The FLC awards are considered high-level awards amongst the National Laboratories. The State and Local Economic Development Award recognizes successful initiatives that involve partnership between state or local economic development groups and federal laboratories for economic benefit. The Partnership Between NETL and the City of Pittsburgh’s winning nomination spoke to its efforts in establishing Pittsburgh as a “Clean Energy City of the Future”, the utilization of microgrid technology, funding of the solid oxide fuel cell power plant on the North Side of Pittsburgh, studies conducted at Hazelwood Green for DDU geothermal energy options, and more.
NETL’s City of Pittsburgh MOU team was also nominated for the 2019 Pittsburgh Federal Executive Board’s Excellence in Government Awards in the Outstanding Team category.
In March 2018, the University of Pittsburgh and the Danish energy ministry signed an agreement to develop plans for implementing district energy infrastructure and smart city technologies in Pittsburgh. The partnership will leverage the Danish expertise in providing affordable, sustainable energy using integrated district energy systems with a focus on providing sustainable resources to underprivileged communities. NETL representatives helped discuss new research and approaches for helping Pittsburgh and Denmark in efforts to become global leaders in energy innovation and urban development.
NETL keeps an active list of funding opportunity announcements (FOA) that are related to the NETL and City of Pittsburgh Partnership efforts on the City of Pittsburgh MOU website. On the website, project stakeholders can find links to apply for FOAs and a downloadable PDF document that provides detailed descriptions of each FOA. The FOA links and FOA descriptions both contain open opportunities and archived opportunities.
NETL was an active partner in supporting Pittsburgh’s pursuit of a $50 million Smart City Challenge grant from the U.S. Department of Transportation (DOT) to improve regional transportation. Plans call for development of a full range of diverse transportation elements that improve air quality, develop new manufacturing related to smart traffic signals and tracking devices, and help to facilitate electric vehicle use. Powering of the city’s electric vehicles would be accomplished through locally sourced distributed energy that would be developed under the MOU. The DOT announced that Columbus, Ohio won the Smart City Challenge in July 2016, however, on October 11, 2016, Pittsburgh received notice that it would receive a $10.9 million grant under the Fixing America’s Surface Transportation Act (FAST Act). This grant is to be used to create “smart spines” that collect data through a network of sensors to help balance and move traffic through the city.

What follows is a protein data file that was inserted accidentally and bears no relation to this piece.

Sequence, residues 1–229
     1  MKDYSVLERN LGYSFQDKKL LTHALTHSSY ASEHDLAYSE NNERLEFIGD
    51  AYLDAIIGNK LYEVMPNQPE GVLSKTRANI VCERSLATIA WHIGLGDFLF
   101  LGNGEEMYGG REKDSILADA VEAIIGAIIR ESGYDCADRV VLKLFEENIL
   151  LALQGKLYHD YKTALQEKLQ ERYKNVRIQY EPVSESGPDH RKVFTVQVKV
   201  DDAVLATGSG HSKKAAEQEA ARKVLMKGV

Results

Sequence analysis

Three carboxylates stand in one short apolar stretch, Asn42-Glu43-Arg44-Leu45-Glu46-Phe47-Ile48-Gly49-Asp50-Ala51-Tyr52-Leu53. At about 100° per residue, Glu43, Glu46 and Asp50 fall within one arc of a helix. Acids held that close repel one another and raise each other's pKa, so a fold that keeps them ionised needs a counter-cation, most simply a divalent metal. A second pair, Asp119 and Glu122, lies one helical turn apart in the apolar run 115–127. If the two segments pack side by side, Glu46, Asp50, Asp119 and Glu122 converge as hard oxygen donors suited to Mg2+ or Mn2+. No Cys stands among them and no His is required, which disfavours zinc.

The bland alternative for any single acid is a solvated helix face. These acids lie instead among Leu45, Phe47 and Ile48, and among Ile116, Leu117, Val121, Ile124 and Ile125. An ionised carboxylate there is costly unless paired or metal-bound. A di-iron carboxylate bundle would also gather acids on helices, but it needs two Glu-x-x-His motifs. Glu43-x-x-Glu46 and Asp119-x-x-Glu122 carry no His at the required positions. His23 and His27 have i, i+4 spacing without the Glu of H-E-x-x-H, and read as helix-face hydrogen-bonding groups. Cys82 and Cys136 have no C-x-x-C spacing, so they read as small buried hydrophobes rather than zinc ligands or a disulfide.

The DOE Office of Energy Efficiency and Renewable Energy (EERE) provided prize money through the Solar in Your Community Challenge to low-to-moderate income communities for developing community-based solar projects that have a high potential for replication. NETL investigated opportunities and sought funding and technical assistance for these projects in collaboration with several nongovernmental organizations, the City of Pittsburgh, and other MOU partners.
NETL participates in an ongoing effort titled Finding Pennsylvania’s Solar Future being led by the Pennsylvania Department of Environmental Protection (PADEP), in collaboration with key stakeholders, with the goal of developing a detailed plan that would increase the Commonwealth’s electricity generation from solar energy to at least 10 percent by the year 2030. PADEP received a $550,000 grant from the DOE/EERE SunShot program to support the effort.
NETL connected the City of Pittsburgh to the DOE Office of Energy Efficiency and Renewable Energy (EERE) Combined Heat and Power (CHP) Technical Assistance Partnership (TAP). TAP toured and assessed three of the City’s existing combined heat and power/district heating resources: Duquesne University’s Cogeneration Plant, Clearway Energy’s North Shore Cogeneration Plant, and the Pittsburgh Allegheny County Thermal (PACT) plant which provides steam to downtown Pittsburgh. The CHP TAP team’s initial analysis from the spring of 2016 was that the City of Pittsburgh had significant opportunity to utilize existing and planned CHP for increasing the resiliency of the City’s power grid, but that economic factors (such as the current low cost of electricity) could be a challenge to expanding CHP in the City.
American Council for an Energy-Efficient Economy (ACEEE) releases an annual report called The City Energy Efficiency Scorecard that ranks 51 large US cities on their efforts to save energy in five key areas. In 2017, Pittsburgh ranked 17th, moving up three positions since 2015. Pittsburgh earned 53 out of 100 points, which is 12 points more than 2015.